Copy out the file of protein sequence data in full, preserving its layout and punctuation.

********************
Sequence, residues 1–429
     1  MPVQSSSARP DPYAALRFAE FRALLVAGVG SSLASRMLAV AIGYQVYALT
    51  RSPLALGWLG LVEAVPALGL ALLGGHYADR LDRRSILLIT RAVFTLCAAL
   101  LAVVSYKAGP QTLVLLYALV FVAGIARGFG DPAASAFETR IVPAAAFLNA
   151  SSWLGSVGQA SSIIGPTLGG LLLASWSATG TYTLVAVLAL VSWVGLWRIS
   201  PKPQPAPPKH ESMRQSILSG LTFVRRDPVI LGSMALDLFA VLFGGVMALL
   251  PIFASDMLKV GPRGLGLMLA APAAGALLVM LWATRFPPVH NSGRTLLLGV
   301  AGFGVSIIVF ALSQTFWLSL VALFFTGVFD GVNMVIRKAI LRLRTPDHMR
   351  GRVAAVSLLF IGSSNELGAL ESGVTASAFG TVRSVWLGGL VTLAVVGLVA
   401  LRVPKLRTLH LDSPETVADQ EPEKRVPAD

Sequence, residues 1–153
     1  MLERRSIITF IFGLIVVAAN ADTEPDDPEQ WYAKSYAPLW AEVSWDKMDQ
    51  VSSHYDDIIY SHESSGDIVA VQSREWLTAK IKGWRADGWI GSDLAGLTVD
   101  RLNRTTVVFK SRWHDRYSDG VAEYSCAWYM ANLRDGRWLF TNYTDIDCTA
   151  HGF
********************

Sequence, residues 1–429
     1  MPVQSSSARP DPYAALRFAE FRALLVAGVG SSLASRMLAV AIGYQVYALT
    51  RSPLALGWLG LVEAVPALGL ALLGGHYADR LDRRSILLIT RAVFTLCAAL
   101  LAVVSYKAGP QTLVLLYALV FVAGIARGFG DPAASAFETR IVPAAAFLNA
   151  SSWLGSVGQA SSIIGPTLGG LLLASWSATG TYTLVAVLAL VSWVGLWRIS
   201  PKPQPAPPKH ESMRQSILSG LTFVRRDPVI LGSMALDLFA VLFGGVMALL
   251  PIFASDMLKV GPRGLGLMLA APAAGALLVM LWATRFPPVH NSGRTLLLGV
   301  AGFGVSIIVF ALSQTFWLSL VALFFTGVFD GVNMVIRKAI LRLRTPDHMR
   351  GRVAAVSLLF IGSSNELGAL ESGVTASAFG TVRSVWLGGL VTLAVVGLVA
   401  LRVPKLRTLH LDSPETVADQ EPEKRVPAD

Sequence, residues 1–153
     1  MLERRSIITF IFGLIVVAAN ADTEPDDPEQ WYAKSYAPLW AEVSWDKMDQ
    51  VSSHYDDIIY SHESSGDIVA VQSREWLTAK IKGWRADGWI GSDLAGLTVD
   101  RLNRTTVVFK SRWHDRYSDG VAEYSCAWYM ANLRDGRWLF TNYTDIDCTA
   151  HGF